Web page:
If you are in Year 11, you have probably just finished your GCSE mock exams. You may be breathing a sigh of relief, or perhaps you even did rather better than you were expecting. If you are considering starting A Level courses next year, the Sixth Form Team at Ipswich School have some top tips on how to choose your A Level subjects.
Firstly, think about choosing the subjects that you’re good at, and things you enjoy. If you enjoy going to lessons, you’ll find you pay attention more, and you’re more likely to work harder in your own time, and this will help you to succeed. Getting a top grade in a subject because it’s one you love and have worked hard at is much more likely to secure you a place at the university of your choice; picking a subject which you think looks impressive but getting a lower grade will not help you.
Having said that, there are some subjects which are considered more highly by universities such as Oxbridge, so if you are aiming for these universities, do speak to your tutors to get advice on your subject choices.
Similarly, there are some combinations of subjects which do work well together, and which may be a requirement for some university courses. If you want to study Medicine, you will need Maths and science A Levels, usually Biology and Chemistry; these subjects are often studied together and there are some topics which make more sense if you are doing both sciences. You really need to study A Level Maths if you are doing A Level Physics; A Level Maths is also sometimes needed for psychology, finance, economics and business courses at university.
Your GCSE mocks will give you a good idea of what A Level subjects are possibilities for you. You will need to check whether your school or college has any entry requirements. For example, Ipswich School tutors say that to be really successful in a subject at A Level, you will usually need a grade 7 or above in the subject at GCSE. Data also shows that some A Level subjects are more difficult to access than others. Top students are generally successful in any subject, but if you have a grade 6 or even a 7 at GCSE, you may find it harder to get on in science subjects, modern foreign languages and maths.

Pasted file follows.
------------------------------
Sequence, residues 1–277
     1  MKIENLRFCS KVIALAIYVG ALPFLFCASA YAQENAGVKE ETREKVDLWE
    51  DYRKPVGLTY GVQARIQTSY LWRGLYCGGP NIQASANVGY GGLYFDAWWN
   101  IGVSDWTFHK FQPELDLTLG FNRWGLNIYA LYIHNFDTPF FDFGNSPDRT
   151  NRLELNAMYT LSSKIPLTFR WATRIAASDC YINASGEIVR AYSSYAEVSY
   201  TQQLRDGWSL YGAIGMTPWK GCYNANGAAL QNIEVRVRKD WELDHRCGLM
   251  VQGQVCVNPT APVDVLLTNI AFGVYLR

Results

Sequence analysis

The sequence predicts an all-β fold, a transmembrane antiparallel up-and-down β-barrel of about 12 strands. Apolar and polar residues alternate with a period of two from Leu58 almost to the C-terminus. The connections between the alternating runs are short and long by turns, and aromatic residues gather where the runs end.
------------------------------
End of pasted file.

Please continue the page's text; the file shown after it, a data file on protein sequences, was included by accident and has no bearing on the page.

Finally, a tip for parents. You can help by listening to your child and finding out more about their ambitions, and by talking to your child’s teachers – remember they should have a good idea about whether the subjects your child is taking are going to work for them.
The Sixth Form Team here are always willing to have a chat to pupils and parents who are considering A Level choices and wondering what to study and where. Whilst we do have minimum entry requirements, we are only too happy to discuss options regarding a Sixth Form place at Ipswich School. If you email firstname.lastname@example.org they will get in touch and arrange to chat through your options with you. You can also find out more about the Ipswich School Sixth Form here: www.ipswich.school/sixthform